As of the census of 2010, there were 65,883 people, 26,803 households, and 14,293 families residing in the city. The population density was 2,056.3 inhabitants per square mile (793.9/km2). There were 28,134 housing units at an average density of 878.1 per square mile (339.0/km2). The racial makeup of the city was 91.4% White, 1.1% African American, 0.5% Native American, 4.6% Asian, 0.5% from other races, and 1.8% from two or more races. Hispanic or Latino of any race were 1.9% of the population.
There were 26,803 households of which 25.6% had children under the age of 18 living with them, 39.6% were married couples living together, 9.5% had a female householder with no husband present, 4.2% had a male householder with no wife present, and 46.7% were non-families. 31.7% of all households were made up of individuals and 10.3% had someone living alone who was 65 years of age or older. The average household size was 2.29 and the average family size was 2.89.
The median age in the city was 29.8 years. 19.3% of residents were under the age of 18; 22.3% were between the ages of 18 and 24; 25.2% were from 25 to 44; 21.7% were from 45 to 64; and 11.7% were 65 years of age or older. The gender makeup of the city was 48.5% male and 51.5% female.
As of 2010, there were 1,981 persons within the city limits in Chippewa County and 63,902 in Eau Claire County for a total of 65,883.
Together with surrounding communities, the Eau Claire metropolitan area is home to 114,483 people, according to the 2000 census. The city forms the core of the United States Census Bureau's Eau Claire Metropolitan Statistical Area, which includes all of Eau Claire and Chippewa Counties (composite 2000 population: 148,337). Together with the Menomonie Micropolitan Statistical Area (which includes all of Dunn County) to the west, the Eau Claire metropolitan area, forms the Census Bureau's Eau Claire-Menomonie Consolidated Metropolitan Statistical Area, which had a consolidated 2000 population of 188,195. 2004 population estimates place the two-county Eau Claire-Chippewa Falls metropolitan population at 155,680, and the expanded Eau Claire-Menomonie CMSA population at 197,417.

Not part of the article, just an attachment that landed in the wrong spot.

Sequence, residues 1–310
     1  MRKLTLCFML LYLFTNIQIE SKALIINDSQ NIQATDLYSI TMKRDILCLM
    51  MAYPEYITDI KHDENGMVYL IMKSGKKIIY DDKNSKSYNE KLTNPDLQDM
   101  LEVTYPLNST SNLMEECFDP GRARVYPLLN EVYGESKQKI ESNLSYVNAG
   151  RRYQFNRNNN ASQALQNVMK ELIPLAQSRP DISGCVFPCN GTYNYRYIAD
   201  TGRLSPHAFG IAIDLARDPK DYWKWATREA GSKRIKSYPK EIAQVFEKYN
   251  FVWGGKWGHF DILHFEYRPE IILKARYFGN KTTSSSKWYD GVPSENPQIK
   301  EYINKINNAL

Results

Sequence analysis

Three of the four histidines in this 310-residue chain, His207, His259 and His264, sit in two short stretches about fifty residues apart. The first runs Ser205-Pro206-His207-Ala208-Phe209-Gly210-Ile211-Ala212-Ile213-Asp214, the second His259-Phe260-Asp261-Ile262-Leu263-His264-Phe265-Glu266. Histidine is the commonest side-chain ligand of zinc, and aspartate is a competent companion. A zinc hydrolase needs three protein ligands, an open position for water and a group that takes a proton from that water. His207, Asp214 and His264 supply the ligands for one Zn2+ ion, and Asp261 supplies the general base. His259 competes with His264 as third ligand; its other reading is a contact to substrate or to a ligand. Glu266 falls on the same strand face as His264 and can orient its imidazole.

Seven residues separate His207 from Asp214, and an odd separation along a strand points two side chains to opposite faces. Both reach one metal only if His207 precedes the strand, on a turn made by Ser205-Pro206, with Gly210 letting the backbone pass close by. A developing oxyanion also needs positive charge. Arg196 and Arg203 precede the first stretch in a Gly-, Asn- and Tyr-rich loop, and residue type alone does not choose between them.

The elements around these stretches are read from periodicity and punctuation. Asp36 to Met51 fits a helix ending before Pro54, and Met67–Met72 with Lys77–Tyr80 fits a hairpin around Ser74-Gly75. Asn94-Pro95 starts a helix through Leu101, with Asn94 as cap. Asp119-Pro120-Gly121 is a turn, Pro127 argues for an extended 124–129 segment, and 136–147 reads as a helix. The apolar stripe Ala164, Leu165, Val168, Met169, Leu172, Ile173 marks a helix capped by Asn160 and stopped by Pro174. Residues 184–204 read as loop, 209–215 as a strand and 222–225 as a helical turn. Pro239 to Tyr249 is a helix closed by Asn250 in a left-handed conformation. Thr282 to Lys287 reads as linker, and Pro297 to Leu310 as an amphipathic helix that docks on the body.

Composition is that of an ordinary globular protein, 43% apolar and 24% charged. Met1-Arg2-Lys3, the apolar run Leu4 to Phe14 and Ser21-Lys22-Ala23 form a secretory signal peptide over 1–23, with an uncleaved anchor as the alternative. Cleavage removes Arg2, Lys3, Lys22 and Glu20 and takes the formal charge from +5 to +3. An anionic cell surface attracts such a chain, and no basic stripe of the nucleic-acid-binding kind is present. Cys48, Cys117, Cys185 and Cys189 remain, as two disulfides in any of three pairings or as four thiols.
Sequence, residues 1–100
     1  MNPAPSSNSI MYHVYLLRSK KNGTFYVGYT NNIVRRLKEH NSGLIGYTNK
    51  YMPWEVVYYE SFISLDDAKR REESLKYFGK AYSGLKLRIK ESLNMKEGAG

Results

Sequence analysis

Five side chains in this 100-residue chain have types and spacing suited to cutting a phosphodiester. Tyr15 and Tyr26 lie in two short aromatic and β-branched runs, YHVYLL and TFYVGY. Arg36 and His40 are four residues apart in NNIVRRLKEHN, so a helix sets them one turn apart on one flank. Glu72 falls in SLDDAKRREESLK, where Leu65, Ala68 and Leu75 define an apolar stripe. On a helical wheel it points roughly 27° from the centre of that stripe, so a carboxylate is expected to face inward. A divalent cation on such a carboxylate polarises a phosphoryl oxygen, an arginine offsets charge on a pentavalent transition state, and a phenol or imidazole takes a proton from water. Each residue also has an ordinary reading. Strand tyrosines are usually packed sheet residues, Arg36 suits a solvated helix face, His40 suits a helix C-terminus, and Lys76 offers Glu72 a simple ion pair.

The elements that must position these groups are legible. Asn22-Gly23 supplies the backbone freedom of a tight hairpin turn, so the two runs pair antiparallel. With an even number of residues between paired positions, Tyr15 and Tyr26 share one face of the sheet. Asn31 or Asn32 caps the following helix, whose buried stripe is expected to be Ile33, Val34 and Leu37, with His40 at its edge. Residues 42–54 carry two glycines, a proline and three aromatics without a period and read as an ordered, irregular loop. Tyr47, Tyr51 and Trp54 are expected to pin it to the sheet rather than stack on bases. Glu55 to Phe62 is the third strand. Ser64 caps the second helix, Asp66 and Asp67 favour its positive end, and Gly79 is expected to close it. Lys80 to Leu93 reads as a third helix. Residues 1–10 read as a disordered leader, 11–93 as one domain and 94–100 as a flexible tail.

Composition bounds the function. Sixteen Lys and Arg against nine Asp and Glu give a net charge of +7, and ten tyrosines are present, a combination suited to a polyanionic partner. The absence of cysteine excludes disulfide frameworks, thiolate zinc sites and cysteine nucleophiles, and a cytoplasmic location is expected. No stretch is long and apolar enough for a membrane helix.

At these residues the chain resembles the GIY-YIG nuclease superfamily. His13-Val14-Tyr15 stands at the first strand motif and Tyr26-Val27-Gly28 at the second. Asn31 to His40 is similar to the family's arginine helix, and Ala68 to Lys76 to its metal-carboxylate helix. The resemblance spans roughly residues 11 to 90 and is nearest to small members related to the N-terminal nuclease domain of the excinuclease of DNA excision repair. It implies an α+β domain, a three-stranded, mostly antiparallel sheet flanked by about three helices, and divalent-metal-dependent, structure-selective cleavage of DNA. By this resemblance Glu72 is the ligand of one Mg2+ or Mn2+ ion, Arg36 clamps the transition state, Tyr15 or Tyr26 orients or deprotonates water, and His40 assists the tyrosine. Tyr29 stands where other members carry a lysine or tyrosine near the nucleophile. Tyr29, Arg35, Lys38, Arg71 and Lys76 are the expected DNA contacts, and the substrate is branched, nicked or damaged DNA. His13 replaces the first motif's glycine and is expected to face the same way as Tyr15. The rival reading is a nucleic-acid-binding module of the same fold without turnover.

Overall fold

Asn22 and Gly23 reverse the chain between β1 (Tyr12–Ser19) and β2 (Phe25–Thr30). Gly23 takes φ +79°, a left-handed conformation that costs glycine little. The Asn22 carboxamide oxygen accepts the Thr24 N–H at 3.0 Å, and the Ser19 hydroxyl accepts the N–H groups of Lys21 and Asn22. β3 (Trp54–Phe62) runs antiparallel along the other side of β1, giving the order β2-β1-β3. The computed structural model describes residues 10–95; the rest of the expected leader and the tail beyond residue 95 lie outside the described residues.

As of 2008, Hmong Americans were the largest ethnic minority in Eau Claire. Jenna Christian, Pa Sia Low Moua, and Ingolf Vogeler, the authors of "The Cultural Landscape of the Hmong in Eau Claire, Wisconsin," wrote that the Hmong are also the city's "most visible ethnic group".In 2008 there were 1,566 Hmong people in Eau Claire County, While the Hmong population is numerically smaller in Eau Claire County compared to Milwaukee, the Hmong have a higher percentage of the population in Eau Claire County, and Christian, Moua, and Vogeler wrote that "the Hmong stand out more singularly as an ethnic minority than they do in metropolitan areas like Milwaukee, which is already more racially and culturally diverse." The majority of the county's Hmong live in the city of Eau Claire. In select Eau Claire neighborhoods, up to 30% of the residents are Hmong.As of 2008, 80% of the vendors at the local farmers' market are Hmong.
In November 1909 a movement to change the city government from the aldermanic to the commission form was launched by the West Side Boosters, the forerunners of the Water Street, Eau Claire Business Men. The campaign that preceded the February 15 election was a heated one. Local rallies and mass meetings were held. The 20 members of the common council were about equally split about the change. The final vote was 1867 for change and 995 against.